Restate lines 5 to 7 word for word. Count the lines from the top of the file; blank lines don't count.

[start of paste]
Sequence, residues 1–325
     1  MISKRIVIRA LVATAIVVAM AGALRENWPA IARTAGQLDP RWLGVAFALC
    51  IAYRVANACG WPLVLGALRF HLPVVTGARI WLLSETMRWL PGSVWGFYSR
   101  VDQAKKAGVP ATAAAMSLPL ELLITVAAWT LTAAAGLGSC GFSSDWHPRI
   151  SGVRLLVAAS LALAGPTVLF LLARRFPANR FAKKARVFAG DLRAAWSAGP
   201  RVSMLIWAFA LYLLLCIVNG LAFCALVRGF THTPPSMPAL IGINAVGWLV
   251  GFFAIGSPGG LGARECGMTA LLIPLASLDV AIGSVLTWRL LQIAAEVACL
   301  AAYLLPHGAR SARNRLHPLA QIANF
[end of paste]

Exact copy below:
   151  SGVRLLVAAS LALAGPTVLF LLARRFPANR FAKKARVFAG DLRAAWSAGP
   201  RVSMLIWAFA LYLLLCIVNG LAFCALVRGF THTPPSMPAL IGINAVGWLV
   251  GFFAIGSPGG LGARECGMTA LLIPLASLDV AIGSVLTWRL LQIAAEVACL